Post written by Yuto Shimamura, MD, from Digestive Diseases Center, Showa University Koto Toyosu Hospital, Tokyo, Japan.
Our video demonstrates a case of successful endoscopic resection of an exophytic subepithelial lesion in the stomach by applying a double scope traction technique.
The creation of a mucosal opening followed by dissection of the lesion was performed using a Triangle Tip J knife (KD-645L; Olympus Corp, Tokyo, Japan). After partial resection of the lesion, an assistant endoscopist carefully inserted a second gastroscope alongside the therapeutic scope with sufficient lubrication to avoid esophageal trauma.
A snare was then advanced through the second gastroscope to grasp the lesion. The assistant endoscopist carried out controlling ideal traction and maneuvering the second gastroscope, while the main endoscopist continued safe and effective dissection until full-thickness resection of the lesion was achieved.
In addition, we opted to close the defect using our novel endoscopic purse-string “Loop 9” technique. “Loop 9” is a premade loop with surgical sutures delivered through a channel and released at the defect site. After it has been anchored by 2 clips positioned on opposite sides of the defect edge, “Loop 9” is tightened by pulling the end of the suture intraluminally using biopsy forceps. Additional clips were placed to achieve complete closure.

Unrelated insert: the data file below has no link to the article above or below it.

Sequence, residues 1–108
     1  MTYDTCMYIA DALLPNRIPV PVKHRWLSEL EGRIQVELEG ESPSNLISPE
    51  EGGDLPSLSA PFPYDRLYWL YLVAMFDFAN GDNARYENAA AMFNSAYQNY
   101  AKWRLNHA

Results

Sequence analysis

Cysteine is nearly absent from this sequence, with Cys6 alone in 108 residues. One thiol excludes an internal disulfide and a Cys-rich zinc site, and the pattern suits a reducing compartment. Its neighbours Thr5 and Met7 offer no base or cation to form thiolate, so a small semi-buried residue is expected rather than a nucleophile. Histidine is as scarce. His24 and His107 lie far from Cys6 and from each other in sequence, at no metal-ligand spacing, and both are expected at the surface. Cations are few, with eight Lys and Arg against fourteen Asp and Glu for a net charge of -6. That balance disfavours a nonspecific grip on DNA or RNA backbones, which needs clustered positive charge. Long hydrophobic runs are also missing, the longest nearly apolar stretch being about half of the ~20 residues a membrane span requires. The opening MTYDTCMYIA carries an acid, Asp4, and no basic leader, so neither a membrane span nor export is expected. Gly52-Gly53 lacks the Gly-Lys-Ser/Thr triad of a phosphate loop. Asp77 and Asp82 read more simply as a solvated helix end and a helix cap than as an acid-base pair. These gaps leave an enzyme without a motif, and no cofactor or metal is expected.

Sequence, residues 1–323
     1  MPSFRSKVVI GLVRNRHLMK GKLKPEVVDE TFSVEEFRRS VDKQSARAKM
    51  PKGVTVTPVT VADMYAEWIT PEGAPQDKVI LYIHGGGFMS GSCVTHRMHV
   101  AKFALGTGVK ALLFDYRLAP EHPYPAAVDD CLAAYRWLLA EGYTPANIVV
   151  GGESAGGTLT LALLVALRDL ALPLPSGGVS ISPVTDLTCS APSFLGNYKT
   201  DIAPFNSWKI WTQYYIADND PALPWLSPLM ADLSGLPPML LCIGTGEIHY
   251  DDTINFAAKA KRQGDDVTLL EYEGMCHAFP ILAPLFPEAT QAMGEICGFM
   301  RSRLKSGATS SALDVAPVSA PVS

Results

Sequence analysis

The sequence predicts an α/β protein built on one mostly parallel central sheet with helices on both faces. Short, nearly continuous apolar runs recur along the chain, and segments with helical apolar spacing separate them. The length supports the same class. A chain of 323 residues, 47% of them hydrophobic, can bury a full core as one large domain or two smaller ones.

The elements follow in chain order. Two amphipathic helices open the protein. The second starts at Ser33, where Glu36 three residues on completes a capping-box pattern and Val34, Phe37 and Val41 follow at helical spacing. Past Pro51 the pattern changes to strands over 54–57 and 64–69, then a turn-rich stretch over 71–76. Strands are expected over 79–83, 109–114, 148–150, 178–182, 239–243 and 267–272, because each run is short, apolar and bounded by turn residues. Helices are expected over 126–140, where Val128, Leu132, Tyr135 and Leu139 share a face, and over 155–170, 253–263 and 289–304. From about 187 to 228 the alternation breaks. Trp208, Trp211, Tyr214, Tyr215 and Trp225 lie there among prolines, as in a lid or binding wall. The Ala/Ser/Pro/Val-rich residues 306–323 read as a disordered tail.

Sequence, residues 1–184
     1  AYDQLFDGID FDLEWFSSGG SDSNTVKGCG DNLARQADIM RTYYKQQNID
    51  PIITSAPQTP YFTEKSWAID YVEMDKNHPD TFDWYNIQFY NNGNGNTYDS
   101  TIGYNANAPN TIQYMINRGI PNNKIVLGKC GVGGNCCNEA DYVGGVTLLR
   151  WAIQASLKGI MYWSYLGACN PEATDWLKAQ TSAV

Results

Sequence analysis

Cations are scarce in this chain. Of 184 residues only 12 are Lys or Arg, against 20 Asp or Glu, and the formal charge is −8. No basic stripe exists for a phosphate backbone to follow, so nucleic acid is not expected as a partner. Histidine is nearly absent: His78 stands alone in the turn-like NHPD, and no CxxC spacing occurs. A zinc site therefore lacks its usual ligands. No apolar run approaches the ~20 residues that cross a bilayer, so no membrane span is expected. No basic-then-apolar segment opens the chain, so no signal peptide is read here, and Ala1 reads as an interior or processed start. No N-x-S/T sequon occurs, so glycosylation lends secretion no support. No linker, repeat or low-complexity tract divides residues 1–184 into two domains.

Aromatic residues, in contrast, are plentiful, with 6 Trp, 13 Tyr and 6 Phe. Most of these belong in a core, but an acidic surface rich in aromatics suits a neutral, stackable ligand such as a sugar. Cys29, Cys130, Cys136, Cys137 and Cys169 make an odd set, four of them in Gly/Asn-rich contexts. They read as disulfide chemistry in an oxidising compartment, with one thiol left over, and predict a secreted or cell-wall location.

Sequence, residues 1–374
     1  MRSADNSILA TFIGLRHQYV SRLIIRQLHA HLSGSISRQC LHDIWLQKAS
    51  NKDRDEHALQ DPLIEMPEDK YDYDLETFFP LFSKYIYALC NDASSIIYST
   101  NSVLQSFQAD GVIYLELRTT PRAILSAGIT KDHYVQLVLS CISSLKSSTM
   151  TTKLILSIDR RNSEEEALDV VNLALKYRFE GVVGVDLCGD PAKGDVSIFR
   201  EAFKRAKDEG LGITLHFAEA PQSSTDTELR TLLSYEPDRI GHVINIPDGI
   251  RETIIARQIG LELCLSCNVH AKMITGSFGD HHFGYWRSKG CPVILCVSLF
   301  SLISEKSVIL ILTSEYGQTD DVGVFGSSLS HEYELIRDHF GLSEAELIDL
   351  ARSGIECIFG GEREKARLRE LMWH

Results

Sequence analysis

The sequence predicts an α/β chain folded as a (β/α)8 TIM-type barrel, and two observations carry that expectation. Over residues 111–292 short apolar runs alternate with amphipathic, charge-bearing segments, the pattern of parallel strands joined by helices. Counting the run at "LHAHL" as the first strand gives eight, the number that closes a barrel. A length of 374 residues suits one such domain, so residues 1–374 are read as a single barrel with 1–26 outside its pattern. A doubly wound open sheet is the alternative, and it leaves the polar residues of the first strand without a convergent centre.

Endoscopic resection of gastric subepithelial lesions is now technically feasible with advancements in endoscopic techniques, such as peroral endoscopic tumor resection, endoscopic subserosal dissection, and endoscopic full-thickness resection. However, endoscopic resection of exophytic lesions is challenging. Using our double scope traction technique, endoscopic resection of these lesions has become technically feasible.
The main advantages of using the double scope traction technique are (1) snare traction gives good grasp and traction in round tumors, especially in cases of extraluminal growth and (2) by the use of the second scope, the maneuvering and positioning of the snare can be facilitated in an optimal position under direct visualization. This technique may expand the endoscopic approach to these challenging lesions.
It is essential to apply the traction technique when performing full-thickness resection. This method can be used in resecting challenging lesions, even in exophytic subepithelial lesions endoscopically.
In addition, our closure technique (“Loop 9”) can be applied not only in closing the postresected site, but also in other situations when the closure of the defect is required.
The tumor was pulled into the gastric lumen and effective traction was controlled by the assistant operator.
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